• Stronger dollar adversely affecting several segments of the economy

Kathmandu, September 12

A sharp depreciation of Nepali currency vis-à-vis the US dollar has government officials fretting about the possibility that the funds earmarked for debt servicing this fiscal will be insufficient.

Since the beginning of this fiscal, Nepali currency has slid by 6.07 per cent. According to Nirmal Hari Adhikari, budget division head at the finance ministry, the funds earmarked for the repayment of principal and interest of foreign debt will be insufficient as Nepali currency is continuously sliding against the dollar. “We had earmarked the funds based on the exchange rate during the time of budget formulation, with certain margin for currency depreciation. However, the greenback strength has far exceeded our assumption that the exchange rate would hover at around Rs 110 per dollar.”

The government’s foreign debt stands at around Rs 503.63 billion, according to financial comptroller general’s office. The budget for the 2018-19 fiscal has allocated Rs 28.11 billion for repayment of principal and interest of the foreign loan.

In case funds for debt servicing are not enough, the government will have to transfer the unspent money allocated to other sectors to make up for the shortfall.

Stronger dollar will raise the cost of development works as well, according to the finance ministry. This is because of increased price of petroleum products as well as construction equipment. In a nutshell, all imports will be costlier, as per officials.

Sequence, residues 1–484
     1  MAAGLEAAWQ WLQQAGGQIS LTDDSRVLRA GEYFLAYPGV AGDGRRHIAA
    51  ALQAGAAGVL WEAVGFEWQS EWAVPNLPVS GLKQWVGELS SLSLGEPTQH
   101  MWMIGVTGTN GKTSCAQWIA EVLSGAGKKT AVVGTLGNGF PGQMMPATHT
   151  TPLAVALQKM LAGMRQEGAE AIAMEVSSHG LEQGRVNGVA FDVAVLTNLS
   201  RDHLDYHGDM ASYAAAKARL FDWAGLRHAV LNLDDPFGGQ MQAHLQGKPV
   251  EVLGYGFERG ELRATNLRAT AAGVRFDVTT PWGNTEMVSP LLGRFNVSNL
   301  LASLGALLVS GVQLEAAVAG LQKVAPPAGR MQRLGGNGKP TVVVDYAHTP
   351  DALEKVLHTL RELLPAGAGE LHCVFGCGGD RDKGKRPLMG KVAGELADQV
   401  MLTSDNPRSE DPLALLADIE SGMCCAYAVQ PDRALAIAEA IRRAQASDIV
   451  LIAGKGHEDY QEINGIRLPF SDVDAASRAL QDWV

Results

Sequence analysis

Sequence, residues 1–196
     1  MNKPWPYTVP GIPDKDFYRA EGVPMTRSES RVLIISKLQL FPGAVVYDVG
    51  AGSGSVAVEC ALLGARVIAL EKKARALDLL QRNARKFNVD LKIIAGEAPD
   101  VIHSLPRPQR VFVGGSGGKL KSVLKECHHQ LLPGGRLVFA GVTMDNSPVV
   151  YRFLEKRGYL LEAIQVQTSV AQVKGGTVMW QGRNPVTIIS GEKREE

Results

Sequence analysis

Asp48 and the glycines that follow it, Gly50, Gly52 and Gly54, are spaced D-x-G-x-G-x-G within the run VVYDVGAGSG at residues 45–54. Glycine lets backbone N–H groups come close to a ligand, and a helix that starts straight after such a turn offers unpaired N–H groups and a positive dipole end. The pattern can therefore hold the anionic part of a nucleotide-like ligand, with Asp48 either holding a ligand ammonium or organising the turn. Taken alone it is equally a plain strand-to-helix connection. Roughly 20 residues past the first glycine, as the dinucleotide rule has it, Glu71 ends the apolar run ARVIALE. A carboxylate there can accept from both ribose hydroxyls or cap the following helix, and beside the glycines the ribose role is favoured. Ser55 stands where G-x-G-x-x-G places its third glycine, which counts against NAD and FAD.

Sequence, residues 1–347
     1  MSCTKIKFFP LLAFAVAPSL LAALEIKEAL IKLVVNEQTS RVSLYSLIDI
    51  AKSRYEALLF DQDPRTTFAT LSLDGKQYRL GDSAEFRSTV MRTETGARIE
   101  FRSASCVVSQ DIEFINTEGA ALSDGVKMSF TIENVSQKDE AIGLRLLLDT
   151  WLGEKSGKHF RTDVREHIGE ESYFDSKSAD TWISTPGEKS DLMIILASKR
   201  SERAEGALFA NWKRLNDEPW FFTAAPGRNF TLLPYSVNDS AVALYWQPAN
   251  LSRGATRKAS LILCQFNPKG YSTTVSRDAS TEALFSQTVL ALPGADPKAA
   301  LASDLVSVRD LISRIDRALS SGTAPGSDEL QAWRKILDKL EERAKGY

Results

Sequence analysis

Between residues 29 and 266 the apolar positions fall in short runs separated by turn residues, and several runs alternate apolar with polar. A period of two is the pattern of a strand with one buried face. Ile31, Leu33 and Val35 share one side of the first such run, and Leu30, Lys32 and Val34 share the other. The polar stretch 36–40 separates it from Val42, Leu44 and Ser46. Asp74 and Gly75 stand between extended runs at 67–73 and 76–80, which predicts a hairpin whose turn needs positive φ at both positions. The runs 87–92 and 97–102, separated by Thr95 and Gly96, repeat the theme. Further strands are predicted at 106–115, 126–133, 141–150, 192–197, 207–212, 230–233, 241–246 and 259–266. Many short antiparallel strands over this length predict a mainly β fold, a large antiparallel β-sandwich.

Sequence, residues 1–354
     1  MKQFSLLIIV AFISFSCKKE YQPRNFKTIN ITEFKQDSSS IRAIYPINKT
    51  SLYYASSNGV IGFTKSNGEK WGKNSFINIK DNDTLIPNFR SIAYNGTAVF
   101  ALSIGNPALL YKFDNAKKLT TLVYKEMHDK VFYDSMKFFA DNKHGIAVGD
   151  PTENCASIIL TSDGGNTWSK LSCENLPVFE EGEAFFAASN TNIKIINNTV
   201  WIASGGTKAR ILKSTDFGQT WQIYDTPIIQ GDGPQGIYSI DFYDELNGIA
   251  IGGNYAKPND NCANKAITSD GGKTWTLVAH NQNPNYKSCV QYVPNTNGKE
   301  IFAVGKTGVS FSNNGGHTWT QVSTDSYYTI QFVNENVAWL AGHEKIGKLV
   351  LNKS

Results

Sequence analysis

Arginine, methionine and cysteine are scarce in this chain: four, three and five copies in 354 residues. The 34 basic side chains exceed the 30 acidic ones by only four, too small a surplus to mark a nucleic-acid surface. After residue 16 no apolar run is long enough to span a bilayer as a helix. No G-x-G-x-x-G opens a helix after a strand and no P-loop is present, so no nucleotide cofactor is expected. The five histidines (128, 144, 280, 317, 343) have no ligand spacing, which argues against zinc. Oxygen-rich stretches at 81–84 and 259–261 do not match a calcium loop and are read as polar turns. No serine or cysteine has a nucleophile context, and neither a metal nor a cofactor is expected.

The dollar strength is also likely to affect the balance sheet of Nepal Electricity Authority — the power utility of the country — which had finally started generating profit from the previous fiscal. This is because NEA is purchasing electricity from the 60-megawatt Khimti Hydel Project at 10 US cents per unit and from 50-megawatt Upper Marsyangdi at seven cents (average) per unit. Moreover, Nepalis travelling abroad for vacation and education will have bigger holes drilled in their pockets.

Last fiscal, Nepalis spent Rs 79.6 billion on travel while the amount spent for overseas education (in terms of Nepali rupee) by Nepali students stood at Rs 38.09 billion.

The depreciation of local currency, on the one hand, will cause inflation to skyrocket as imports become dearer, and on the other hand, result in balance of payment crisis.

“To avoid BoP crisis, the government should curb import of certain luxury items, like gold, expensive private vehicles, reduce consumption of petroleum products and promote use of electricity — electric cars and electric appliances at home,” said Janardan Dev Pant, a banker by profession. “We must adopt austerity measures to avoid a crisis.” He said the central bank should consider investing its foreign exchange reserve (that would cover the import for certain months and be kept idle)  in high yield instruments, such as government treasury and sovereign bonds.